A few smaller cities are still seeing inventory tighten, bucking the general trend. Saguenay saw the largest increase with its SNLR reaching 112.2% in April, up 22.2 points from a month before. Saint John followed with an SNLR of 96%, up 12 points over the same period. In third was Thunder Bay with the SNLR hitting 100.4%, up 10.8 points from a month before. These regions also have very high ratios but are also very small markets in the first place.

Canadian Real Estate SNLR Change

The monthly percent change of the seasonally adjusted sales to new listings ratio (SNLR) for major Canadian real estate markets in April 2021.
Source: CREA; Better Dwelling.

Toronto and Vancouver Are Both Seeing Buyers Fall Faster Than Sellers

Toronto and Vancouver residential real estate both saw sharp SNLR declines. Toronto’s SNLR fell to 65.9% in April, down 6.2 points from the month before. The ratio for the region is now the third-lowest of Canada’s major real estate markets. Vancouver is a little higher with its SNLR at 68.1% in April, down 12.2 points from the month before. Both of these ratios indicate inventory is still tight, but not as tight as a few months ago. 

Canadian housing inventory is still tight, and home prices are still moving very fast. However, sales are falling much faster than new listings, and have been for a few months. It does appear the tightest window of the market has passed, meaning price growth may slow in the not-so-distant future. At the current rate of growth, prices have a big cushion for deceleration though.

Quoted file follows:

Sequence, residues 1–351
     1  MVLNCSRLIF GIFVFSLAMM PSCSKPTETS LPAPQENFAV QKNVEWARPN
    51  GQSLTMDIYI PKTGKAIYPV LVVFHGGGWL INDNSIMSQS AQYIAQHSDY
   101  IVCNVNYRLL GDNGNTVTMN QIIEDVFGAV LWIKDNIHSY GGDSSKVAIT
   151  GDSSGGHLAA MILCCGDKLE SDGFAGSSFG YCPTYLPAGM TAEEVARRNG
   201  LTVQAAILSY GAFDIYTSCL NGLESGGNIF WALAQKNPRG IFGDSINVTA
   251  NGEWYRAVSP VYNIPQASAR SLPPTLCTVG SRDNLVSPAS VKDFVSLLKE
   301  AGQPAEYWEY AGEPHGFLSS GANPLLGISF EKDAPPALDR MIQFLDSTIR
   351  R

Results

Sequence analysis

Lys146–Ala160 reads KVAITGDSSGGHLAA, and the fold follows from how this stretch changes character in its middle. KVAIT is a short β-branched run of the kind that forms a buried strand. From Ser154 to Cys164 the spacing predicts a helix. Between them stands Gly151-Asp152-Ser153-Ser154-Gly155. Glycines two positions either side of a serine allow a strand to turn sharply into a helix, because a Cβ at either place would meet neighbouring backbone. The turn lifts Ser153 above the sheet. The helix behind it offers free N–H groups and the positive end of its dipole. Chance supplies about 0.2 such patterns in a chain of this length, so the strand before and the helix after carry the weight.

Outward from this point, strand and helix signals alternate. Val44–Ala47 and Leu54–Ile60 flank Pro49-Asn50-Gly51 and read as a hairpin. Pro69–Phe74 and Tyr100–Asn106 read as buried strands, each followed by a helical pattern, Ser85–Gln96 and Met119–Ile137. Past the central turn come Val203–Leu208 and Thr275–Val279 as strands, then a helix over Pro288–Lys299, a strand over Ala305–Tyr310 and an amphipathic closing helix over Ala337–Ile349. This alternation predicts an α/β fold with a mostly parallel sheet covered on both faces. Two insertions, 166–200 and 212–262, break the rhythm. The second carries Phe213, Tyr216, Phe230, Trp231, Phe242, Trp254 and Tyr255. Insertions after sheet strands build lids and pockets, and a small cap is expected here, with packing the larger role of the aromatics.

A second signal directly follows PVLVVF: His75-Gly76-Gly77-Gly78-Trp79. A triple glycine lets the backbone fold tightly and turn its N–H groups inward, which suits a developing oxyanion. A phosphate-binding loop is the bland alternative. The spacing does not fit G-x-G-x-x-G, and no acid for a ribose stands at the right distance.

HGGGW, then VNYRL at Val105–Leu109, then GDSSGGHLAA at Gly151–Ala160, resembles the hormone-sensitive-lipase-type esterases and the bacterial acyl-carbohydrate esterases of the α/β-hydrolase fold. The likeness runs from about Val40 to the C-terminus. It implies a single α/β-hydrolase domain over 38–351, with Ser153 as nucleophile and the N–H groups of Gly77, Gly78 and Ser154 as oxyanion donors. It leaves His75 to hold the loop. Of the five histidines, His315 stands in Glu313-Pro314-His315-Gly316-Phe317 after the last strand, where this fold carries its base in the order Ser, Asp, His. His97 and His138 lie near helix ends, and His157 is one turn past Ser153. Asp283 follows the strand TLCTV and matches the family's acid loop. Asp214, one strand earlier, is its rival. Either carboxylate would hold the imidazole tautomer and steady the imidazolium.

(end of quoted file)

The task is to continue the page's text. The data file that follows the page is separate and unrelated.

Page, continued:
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  • Kathleen Thomson 3 years ago

    Meep meep!

  • Jason Chau 3 years ago

    Countertrend is inevitable. Lowering interest rates pulls demand forward, and the lockdown slowed the ability to list homes for sale.

    Increasing borrowing rates will push demand outwards, while reopening will free up more demand.

  • GTA Landlord 3 years ago

    16 point drop on SNLR. Prices have never not fallen after a 20 point drop. This month is do or die.

    • Credit Guy 3 years ago

      CMHC said prices will rise, so I’m assuming this is when they fall.

  • WS 3 years ago

    Massive correction was underway, but along came Covid.
    Politicians grasped the opportunity to be heroes, and thus delayed the inevitable.
    The good thing (if you are a bear) is that the soft landing is out of the question now.

    • Credit Guy 3 years ago

      100%. They thought COVID was a nothing burger in March, but deployed QE to help with slowing sales in 2019.

      Expansionary monetary policy is all this government has. Welcome to Canada. Can I get you a mortgage application?

  • Canaduh 3 years ago

    Interest rate? Low.
    Both in market and your house.
    Bye insanity.

  • James Ling 3 years ago

    Still near record SNLR after pent up demand has been easing and guys are commenting that prices are going to drop this month… LOL!

    • Jerry 3 years ago

      There’s two analysis, one from an institutional advisory firm, and another from a commercial bank for their institutional clients that shows this is exactly the issue.

      You’re exaggerating as this month to dismiss the fact it’s a valid comparison even the real estate industry has been saying. Of course, you’re the kind of guy that also probably says they’ve been hearing a Gen Xer say this in the news since they were 8, and your wife says you’re really handsome.

      • James Ling 3 years ago